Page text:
Despite pleas from Senators on Capitol Hill, the Obama administration excluded Israel from a new counterterrorism forum and neglected to mention its long and deadly struggle with terrorism during remarks presented yesterday in Spain.
Maria Otero, the State Department’s Under Secretary for Civilian Security, Democracy, and Human Rights, delivered a speech entitled "Victims of Terrorism" before 29 members of the Global Counterterrorism Forum, an coalition of countries—not including Israel—that collectively combat terror.
Secretary of State Hillary Clinton sparked a controversy in June when she announced the coalition’s formation and neglected to include Israel on a list of countries that perpetually struggle with terror attacks. It is widely believed that Israel was overlooked as a member due to the opposition of Turkey, which has increasingly been at odds with the Jewish state.
Congressional sources and regional experts say that the Obama administration is intentionally downplaying Israel’s struggle with terrorism in order to appease and gain the cooperation of Arab nations that are often hostile to the Jewish state.
A congressional source told the Free Beacon Tuesday that the State Department confirmed to inquiring members of Congress that Israel was in fact excluded from the conference.
"The State Department told us that only the 29 original member countries were involved—and that means no Israel," said the source.
During yesterday’s gathering, Israel was also excluded again from a list of nations recognized by the U.S. for their efforts to deal with terrorism.
"Last September at the official launch of the Global Counterterrorism Forum, I had the privilege to introduce the premiere of a film ‘Hear their Voices’, which tells the stories of eleven survivors of terrorist attacks from Pakistan, Jordan, Northern Ireland, Uganda, Turkey, Indonesia, India, Spain, Columbia, and the United States," Otero said before the gathering of nations.
"The film, which was produced by the Global Survivors Network, is a powerful plea for audiences around the world, especially those sympathetic to the grievances expressed by extremists, to recognize the human cost of terrorism and I am delighted that our Spanish hosts are planning on showing this film here later this afternoon," she added.
Experts say the omission of Israel was intentional.
"When the administration promised to include Israel in the counterterrorism forum that the United States founded—after Jerusalem's inexplicable exclusion from the initial meeting a month ago—one would think they would be true to their word," said Josh Block, a Democratic strategist and former spokesman for the American Israel Public Affairs Committee. "Clearly someone failed here. How Israel could be excluded from another meeting of an anti-terror forum that we chair is beyond comprehension, especially one that focuses on victims of terrorism."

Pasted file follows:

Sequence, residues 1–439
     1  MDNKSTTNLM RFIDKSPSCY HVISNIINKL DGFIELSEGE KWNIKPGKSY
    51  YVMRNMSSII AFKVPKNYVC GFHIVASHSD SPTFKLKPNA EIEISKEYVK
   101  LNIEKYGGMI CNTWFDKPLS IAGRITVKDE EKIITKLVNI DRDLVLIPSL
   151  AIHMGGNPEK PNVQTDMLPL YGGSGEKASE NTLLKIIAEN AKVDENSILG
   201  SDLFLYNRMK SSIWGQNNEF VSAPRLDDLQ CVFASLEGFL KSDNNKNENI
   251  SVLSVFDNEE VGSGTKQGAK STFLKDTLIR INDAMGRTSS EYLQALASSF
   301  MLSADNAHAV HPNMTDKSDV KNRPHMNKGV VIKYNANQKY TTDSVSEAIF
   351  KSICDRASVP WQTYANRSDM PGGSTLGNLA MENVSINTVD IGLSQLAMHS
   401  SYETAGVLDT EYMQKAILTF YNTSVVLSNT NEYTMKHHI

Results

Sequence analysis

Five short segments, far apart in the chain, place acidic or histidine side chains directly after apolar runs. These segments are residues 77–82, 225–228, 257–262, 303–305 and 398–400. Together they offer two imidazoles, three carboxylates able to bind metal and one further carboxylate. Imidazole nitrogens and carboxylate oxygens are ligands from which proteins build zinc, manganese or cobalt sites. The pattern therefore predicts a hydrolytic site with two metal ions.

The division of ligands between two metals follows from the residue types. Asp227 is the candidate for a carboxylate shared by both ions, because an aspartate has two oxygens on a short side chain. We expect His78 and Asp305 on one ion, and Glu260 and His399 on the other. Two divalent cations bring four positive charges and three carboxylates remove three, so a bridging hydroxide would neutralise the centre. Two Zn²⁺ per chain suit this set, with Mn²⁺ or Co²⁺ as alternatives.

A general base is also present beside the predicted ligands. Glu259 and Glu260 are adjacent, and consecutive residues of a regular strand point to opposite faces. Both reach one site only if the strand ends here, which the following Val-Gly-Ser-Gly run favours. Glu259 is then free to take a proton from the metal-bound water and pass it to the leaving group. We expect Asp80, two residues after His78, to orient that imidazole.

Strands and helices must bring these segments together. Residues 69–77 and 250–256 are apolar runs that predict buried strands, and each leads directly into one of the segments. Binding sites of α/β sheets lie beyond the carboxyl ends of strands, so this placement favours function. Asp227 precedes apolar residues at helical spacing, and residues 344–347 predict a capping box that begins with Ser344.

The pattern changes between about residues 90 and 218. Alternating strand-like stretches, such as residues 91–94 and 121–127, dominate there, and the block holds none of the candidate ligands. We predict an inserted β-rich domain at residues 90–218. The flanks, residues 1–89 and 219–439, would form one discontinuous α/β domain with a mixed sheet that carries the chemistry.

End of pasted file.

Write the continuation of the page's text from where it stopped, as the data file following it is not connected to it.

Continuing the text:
"At a time when Romney is challenging the administration's record on U.S.-Israel relations, this error stands out," he added.
"What we’re seeing is a trend of Israel being left out of the global discussion on terrorism, while Israel was extremely helpful during the beginning stages of this conversation," said Jonathan Schanzer, vice president for research at the Foundation for Defense of Democracies. "The [Obama] administration is downplaying the struggle that Israel has been enduring."
"I believe to a certain extent, this is due to regional politics, and it’s disconcerting to see this change," said Schanzer, who pointed out that Israel is the leading authority on strategies to combat terrorism. "It just looks like a quiet effort to downplay the issue."
The State Department stonewalled reporters who inquired about the issue during yesterday’s daily briefing.
"This is a conference about victims of terrorism. And I’m curious to know why [Otero] doesn’t mention Israel or Israelis in her comments talking about victims of terrorism," asked AP reporter Matthew Lee. "Does the administration believe that Israel and Israelis specifically have been victims of terrorism?
"I don’t have the details of the Under Secretary’s speech," responded a State Department spokesperson, who later promised to seek further details on the matter.